Dateline: July, 2010, Issue 3

Do instructions help jurors understand presumption of innocence and burden of proof?

Jurors are instructed in criminal cases to presume a defendant innocent and place a burden of proof beyond a reasonable doubt on the prosecution. Even after receiving jury instructions, jurors struggle with these concepts.

With the cooperation of the Wyoming courts, Saxton (1998) gave questionnaires to jurors when they were discharged from service on actual trials.

Only 60% of the jurors who had just served on a criminal jury correctly responded that the fact that the state brought a charge against the defendant was not evidence that he or she had committed the crime.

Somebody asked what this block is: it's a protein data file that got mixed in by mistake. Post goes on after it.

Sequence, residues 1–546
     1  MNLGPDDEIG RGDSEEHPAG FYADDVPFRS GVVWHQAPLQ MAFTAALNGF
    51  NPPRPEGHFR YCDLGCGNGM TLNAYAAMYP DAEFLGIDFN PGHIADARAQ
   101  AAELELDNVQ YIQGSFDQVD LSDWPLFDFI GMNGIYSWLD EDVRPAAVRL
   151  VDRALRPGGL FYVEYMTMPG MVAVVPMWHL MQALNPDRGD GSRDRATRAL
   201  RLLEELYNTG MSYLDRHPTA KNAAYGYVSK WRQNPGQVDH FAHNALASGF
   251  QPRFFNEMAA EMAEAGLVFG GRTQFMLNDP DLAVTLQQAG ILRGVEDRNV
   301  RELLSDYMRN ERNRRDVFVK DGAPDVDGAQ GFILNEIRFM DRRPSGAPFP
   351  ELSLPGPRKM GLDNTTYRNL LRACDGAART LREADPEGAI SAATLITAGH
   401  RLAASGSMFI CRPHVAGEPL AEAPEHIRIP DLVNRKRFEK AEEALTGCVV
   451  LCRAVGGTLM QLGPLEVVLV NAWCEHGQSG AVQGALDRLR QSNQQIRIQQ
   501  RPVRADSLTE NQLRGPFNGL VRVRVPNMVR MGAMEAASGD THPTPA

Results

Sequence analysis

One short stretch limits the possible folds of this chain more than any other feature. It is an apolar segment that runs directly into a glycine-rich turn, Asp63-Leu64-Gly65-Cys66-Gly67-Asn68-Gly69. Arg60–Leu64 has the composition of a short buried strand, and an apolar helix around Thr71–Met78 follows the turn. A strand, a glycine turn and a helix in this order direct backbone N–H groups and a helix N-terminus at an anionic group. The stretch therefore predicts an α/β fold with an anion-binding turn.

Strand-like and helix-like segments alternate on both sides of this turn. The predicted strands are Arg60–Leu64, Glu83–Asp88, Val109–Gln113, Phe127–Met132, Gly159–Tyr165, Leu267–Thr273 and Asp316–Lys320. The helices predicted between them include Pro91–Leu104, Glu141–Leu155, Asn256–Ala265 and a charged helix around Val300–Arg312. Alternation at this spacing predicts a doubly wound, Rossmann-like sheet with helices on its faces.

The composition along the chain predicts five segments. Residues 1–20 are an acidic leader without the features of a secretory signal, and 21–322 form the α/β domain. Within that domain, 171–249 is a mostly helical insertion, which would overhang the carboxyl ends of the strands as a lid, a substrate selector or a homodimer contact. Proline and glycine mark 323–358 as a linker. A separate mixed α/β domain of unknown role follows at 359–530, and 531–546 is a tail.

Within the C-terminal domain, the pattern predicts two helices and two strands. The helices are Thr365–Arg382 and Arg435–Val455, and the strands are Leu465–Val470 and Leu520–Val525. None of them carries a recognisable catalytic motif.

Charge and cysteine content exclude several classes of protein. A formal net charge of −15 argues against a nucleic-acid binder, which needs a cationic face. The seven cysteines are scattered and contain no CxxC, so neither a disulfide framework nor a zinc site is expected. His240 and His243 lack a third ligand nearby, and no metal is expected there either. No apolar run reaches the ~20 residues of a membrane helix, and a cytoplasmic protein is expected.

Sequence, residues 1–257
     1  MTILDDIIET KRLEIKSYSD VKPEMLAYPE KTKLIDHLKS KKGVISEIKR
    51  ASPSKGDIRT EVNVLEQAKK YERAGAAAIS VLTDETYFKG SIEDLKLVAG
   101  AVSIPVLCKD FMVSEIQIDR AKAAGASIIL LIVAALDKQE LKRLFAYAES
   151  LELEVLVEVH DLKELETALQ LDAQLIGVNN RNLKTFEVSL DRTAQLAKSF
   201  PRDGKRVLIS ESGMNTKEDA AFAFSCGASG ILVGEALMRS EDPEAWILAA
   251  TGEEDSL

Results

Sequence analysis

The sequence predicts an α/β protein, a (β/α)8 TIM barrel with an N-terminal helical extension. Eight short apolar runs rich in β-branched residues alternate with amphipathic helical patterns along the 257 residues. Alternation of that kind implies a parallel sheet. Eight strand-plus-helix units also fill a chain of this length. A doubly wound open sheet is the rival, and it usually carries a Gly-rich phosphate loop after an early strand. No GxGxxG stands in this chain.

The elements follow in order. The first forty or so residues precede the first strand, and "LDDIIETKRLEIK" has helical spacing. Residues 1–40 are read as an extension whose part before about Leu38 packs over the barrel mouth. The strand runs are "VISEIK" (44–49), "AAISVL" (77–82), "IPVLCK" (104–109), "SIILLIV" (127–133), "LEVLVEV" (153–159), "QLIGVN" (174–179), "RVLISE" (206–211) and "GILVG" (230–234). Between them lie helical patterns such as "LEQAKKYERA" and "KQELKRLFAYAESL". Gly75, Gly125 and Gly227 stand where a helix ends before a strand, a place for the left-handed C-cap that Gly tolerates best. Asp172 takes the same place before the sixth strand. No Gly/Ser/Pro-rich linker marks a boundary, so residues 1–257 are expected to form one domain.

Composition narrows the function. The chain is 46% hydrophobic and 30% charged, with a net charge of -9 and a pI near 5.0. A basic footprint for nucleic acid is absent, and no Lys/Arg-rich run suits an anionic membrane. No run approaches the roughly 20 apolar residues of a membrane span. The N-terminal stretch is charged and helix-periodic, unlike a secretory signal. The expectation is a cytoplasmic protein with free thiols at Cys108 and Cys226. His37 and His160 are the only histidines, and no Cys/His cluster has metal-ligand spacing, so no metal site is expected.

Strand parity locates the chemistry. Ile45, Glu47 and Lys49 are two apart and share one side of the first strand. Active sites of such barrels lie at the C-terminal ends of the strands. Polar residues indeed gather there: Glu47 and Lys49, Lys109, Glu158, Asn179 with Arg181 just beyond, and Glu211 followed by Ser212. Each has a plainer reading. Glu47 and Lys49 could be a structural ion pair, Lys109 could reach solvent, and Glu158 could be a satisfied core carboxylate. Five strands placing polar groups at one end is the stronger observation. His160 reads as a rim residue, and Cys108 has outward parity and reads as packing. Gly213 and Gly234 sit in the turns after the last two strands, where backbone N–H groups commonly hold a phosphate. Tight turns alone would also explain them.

And 31% of former criminal jurors believed that once the state produced evidence that the defendant committed the crime, the burden shifted to the defendant to prove otherwise.

Despite instructions, 30% to 40% of jurors serving on criminal cases were unable to uphold jury instructions presuming a defendant innocent and placing the burden of proof on the prosecution.

Source Saxton, B. (1998). How well do jurors understand jury instructions? A field test using real juries and real trials in Wyoming. Land & Water Law Review, 33, pp. 59-189.